Advanced Search
MyIDEAS: Login to save this article or follow this journal

Reforms and re-elections in OECD countries

Contents:

Author Info

  • Marco Buti
  • Alessandro Turrini
  • Paul Van den Noord
  • Pietro Biroli

Abstract

"Economic reform is sometimes seen as damaging to a government's re-election chances, but anecdotal evidence from OECD countries would not seem to strongly support this perception. This paper tests this hypothesis on a sample of 21 OECD countries over the period 1985-2003, controlling for other economic and political factors that may affect re-election. It is found that the chances of re-election for incumbent governments are not significantly affected by their record of pro-market reforms. However, the electoral impact of reform is found to differ strongly depending on which types of policies are considered. In particular, reform measures that are more likely to hurt large groups of 'insiders' seem electorally more damaging. A series of framework conditions appears to affect the impact of reforms on re-elections. Reformist governments in countries with rigid product and labour markets tend to be voted out of office, suggesting the existence of a 'rigidity trap'. While fiscal stimulus is not an effective instrument to 'sweeten the pill' and raise the odds of re-election, the presence of liberal financial markets appears to soften electoral resistance to structural reform. The latter finding is of particular relevance in the current financial crisis: forward-looking governments should not rush to over-regulate financial markets in order not to compromise the feasibility of product and labour market reforms". Copyright (c) CEPR, CES, MSH, 2010.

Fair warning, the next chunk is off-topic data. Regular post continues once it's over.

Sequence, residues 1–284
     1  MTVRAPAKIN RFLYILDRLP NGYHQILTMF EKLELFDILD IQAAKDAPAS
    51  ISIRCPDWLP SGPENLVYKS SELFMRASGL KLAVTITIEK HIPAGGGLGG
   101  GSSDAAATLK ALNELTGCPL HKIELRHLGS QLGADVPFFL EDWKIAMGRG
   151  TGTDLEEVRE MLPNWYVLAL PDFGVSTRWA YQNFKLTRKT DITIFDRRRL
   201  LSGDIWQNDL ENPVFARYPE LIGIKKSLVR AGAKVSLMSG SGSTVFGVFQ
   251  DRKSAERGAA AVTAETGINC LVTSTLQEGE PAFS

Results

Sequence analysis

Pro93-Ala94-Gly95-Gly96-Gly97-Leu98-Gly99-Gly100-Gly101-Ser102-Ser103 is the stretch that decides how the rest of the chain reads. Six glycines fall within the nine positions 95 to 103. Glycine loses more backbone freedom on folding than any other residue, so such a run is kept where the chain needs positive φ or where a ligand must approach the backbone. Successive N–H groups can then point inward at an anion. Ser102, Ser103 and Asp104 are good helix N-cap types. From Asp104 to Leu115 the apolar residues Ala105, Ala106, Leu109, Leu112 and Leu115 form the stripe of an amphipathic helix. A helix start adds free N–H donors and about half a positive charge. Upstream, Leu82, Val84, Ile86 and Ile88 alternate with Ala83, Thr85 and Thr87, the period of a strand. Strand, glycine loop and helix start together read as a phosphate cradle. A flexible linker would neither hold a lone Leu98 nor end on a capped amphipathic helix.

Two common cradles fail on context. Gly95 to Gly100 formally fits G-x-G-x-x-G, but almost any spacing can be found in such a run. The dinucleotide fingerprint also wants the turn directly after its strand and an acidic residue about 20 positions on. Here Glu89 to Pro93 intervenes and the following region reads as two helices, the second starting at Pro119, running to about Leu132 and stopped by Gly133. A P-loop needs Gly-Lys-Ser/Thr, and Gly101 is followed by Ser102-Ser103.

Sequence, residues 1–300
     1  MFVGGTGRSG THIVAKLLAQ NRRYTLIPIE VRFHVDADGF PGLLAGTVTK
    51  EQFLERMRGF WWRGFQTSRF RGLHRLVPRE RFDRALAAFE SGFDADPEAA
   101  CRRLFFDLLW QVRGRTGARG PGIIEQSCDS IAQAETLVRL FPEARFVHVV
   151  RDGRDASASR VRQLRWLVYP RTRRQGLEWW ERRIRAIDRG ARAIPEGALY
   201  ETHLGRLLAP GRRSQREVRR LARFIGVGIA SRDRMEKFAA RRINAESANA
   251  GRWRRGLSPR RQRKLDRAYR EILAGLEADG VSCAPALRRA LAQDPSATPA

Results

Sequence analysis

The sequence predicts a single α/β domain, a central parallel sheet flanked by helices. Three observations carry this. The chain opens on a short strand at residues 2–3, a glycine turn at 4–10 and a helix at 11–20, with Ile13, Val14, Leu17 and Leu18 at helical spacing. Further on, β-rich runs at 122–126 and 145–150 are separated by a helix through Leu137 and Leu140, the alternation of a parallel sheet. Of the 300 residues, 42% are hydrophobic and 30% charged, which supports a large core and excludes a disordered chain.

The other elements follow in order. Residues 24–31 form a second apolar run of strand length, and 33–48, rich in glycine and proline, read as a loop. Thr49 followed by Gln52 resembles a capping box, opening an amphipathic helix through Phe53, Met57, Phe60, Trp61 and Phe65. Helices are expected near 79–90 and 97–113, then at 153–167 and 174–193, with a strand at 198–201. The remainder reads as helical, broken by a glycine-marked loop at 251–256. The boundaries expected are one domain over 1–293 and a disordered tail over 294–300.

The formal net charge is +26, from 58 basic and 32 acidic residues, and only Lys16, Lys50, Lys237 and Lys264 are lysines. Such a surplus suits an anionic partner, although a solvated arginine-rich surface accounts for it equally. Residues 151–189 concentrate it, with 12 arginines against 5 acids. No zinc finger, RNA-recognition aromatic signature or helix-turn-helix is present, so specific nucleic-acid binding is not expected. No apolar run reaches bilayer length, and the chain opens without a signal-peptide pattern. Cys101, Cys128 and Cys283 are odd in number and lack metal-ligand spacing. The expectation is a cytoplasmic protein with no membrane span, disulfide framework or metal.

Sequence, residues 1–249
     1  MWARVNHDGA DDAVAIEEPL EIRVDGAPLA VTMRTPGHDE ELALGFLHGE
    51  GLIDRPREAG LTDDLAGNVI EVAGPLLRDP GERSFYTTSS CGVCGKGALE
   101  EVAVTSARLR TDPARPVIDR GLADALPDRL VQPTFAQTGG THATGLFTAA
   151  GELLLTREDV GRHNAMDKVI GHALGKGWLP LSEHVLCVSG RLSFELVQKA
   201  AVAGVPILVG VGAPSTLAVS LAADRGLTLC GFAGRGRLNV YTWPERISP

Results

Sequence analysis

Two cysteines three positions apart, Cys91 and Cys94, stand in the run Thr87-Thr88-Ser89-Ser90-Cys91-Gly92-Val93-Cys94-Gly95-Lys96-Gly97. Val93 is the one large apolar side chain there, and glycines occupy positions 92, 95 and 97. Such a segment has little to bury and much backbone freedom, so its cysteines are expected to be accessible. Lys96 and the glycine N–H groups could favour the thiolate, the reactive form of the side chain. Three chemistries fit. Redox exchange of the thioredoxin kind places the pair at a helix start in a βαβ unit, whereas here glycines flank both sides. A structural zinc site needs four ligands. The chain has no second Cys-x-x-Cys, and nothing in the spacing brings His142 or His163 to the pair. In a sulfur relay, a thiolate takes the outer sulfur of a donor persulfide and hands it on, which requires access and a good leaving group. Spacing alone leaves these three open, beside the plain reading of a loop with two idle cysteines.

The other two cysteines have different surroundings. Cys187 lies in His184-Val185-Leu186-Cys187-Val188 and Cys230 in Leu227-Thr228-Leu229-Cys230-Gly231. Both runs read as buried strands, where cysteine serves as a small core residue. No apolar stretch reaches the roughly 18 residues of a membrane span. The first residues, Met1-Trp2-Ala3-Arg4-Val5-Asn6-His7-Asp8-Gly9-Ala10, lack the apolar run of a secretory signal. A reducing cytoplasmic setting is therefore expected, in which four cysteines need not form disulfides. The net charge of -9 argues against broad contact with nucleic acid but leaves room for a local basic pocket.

Download Info

If you experience problems downloading a file, check if you have the proper application to view it first. In case of further problems read the IDEAS help page. Note that these files are not on the IDEAS site. Please be patient as the files may be large.
File URL: http://www.blackwell-synergy.com/doi/abs/10.1111/j.1468-0327.2009.00237.x